On the PhD front—sort of—I tried to buy A4 photo frames this week. I wanted two: one for my beautiful PhD certificate and its twin for the graduation photo when it’s taken next July. I found a lovely one in Paperchase; the problem was: only one. The sales assistant checked out the stockroom and no, this was the only one. So I left it. I looked in M&S, W H Smith, Next: no A4 frames at all. I eventually found a pair in Tesco when I did the weekly shop. Why is it so difficult to find an A4 frame—and even more difficult to find a pair?
Poetry: I’m well into processing entries for the Poets & Players Competition 2020. The closing date is 21st January and our judge this year is Sinead Morrisey. You’ll find details here: https://poetsandplayers.co so get your creative muscle toned and send me some work to do. You have four weeks left. Four days after the deadline, on 25th January, we have Jo Shapcott and Kim Moore reading for us at the Whitworth Art Gallery on Oxford Road, Manchester. So come along to that: it’s FREE and it’s wonderful. You can find details of up-coming events at our website, via the link above.
Back to ‘the strong life of the inert’: I woke up at 4.45 this morning, pretty normal for me, and got ready to write my blog. My MacBook had updates to install, so I clicked ‘install now’ thinking it would be a process of a few minutes. Ha! It took an hour to update and another three quarters to install. Nearly two hours is a long time to be twiddling thumbs.
Anyway, that’s it for this week: a slack week for ‘PhD and poetry’, but a very rich one for ‘Life’. I hope you all have a lovely Christmas week, whatever your cultural and religious beliefs. The Christmas message of ‘Peace on Earth, goodwill to all’ seems to have got lost somewhat in the crazy political temperature of the modern world; but perhaps we can all do a little to reinstate it within our own lives: microcosms can build macrocosms. Merry Christmas, and a peaceful and productive New Year to you all.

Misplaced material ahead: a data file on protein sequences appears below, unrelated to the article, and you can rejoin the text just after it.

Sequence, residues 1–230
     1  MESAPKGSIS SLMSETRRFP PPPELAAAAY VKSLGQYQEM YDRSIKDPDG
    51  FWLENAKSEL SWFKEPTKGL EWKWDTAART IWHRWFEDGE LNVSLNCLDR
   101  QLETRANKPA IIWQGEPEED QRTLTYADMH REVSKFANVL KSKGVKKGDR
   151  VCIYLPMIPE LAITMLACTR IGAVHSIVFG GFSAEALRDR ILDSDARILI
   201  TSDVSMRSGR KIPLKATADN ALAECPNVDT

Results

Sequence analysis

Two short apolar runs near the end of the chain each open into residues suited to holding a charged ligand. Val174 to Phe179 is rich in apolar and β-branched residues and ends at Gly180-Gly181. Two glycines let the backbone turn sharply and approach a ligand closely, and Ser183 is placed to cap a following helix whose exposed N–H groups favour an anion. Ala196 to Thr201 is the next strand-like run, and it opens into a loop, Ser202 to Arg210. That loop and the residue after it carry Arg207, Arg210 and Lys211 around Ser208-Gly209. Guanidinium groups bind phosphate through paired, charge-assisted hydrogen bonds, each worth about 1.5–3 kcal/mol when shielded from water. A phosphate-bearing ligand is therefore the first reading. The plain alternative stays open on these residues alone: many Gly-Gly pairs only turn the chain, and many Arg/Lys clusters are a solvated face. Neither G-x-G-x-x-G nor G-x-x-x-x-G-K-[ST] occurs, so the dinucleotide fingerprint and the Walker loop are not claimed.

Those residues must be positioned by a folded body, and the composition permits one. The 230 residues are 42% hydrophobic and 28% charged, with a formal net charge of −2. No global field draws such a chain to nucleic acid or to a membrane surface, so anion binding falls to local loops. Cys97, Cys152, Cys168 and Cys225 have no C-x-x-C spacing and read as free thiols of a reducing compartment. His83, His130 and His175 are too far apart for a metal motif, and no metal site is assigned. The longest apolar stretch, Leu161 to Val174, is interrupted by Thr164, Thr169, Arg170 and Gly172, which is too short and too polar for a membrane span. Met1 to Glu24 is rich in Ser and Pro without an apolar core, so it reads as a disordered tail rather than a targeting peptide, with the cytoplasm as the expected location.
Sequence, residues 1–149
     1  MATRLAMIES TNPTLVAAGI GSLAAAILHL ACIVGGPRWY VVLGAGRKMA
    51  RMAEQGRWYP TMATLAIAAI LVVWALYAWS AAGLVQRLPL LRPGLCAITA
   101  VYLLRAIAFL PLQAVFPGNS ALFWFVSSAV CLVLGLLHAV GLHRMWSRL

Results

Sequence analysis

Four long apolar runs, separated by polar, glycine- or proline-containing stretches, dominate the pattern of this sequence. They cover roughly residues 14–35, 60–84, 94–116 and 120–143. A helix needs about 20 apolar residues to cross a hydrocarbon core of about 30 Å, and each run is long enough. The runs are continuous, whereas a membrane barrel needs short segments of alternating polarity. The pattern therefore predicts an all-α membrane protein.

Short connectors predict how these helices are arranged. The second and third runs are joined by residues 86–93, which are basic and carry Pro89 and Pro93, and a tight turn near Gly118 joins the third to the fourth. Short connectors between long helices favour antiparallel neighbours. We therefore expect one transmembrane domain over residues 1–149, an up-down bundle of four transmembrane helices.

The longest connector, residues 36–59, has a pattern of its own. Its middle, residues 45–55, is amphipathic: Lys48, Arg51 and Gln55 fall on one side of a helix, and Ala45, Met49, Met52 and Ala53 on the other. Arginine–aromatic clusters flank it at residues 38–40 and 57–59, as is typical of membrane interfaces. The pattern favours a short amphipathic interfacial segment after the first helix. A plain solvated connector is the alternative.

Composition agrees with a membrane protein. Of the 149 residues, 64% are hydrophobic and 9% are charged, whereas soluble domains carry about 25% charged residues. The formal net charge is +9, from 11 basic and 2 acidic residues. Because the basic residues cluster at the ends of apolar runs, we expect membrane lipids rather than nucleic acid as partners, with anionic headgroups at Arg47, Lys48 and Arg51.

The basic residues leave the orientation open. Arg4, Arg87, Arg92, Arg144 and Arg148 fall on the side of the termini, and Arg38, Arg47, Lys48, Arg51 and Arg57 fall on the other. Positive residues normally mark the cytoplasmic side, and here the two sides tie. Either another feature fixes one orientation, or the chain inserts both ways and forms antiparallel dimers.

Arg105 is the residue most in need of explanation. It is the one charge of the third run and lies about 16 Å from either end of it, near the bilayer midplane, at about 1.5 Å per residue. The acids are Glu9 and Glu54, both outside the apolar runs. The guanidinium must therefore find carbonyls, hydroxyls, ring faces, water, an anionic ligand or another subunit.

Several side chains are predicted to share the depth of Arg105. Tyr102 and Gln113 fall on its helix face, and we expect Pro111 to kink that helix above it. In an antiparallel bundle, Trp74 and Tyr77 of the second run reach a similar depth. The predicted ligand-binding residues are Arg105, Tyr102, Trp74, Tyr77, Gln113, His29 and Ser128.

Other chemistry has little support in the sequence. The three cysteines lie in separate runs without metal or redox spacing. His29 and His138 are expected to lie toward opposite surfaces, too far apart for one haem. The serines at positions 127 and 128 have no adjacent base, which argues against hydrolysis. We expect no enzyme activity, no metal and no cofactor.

I’ll leave you with a poem I wrote at a Poets & Players workshop with Steve Ely. Yesterday was the Winter Solstice, the shortest day. It’s a downhill roll toward spring now, isn’t it? So it seems appropriate to leave you with a poem about the Greek myth of Persephone and the seasons.
The Patience of Persephone
After ‘A Game of Patience’ by Meredith Frampling
She waits for six months in a year
then waits again for six.
She can’t have what she most desires,
that lost part of herself. Listen!
That’s her rummaging upstairs,
another fruitless search in the loft.
I sense the black king’s impatient
for his alabaster maiden, his ice queen.
From reaping to sowing he thinks he can thaw me
with his red hot pomegranate flesh,
his spiked wine.
He blows on my neck but I don’t melt.
So he waits all over again, from sowing to reaping.
I know it’s time to decide:
the corn’s threshed, the straw’s stacked
but I’ll finish my game.
This card says go — you owe him.
That card says stay — you owe her.
It’s all one to me — it seems like
nothing’s owed to me.
But, sod it,
my patience wears thin!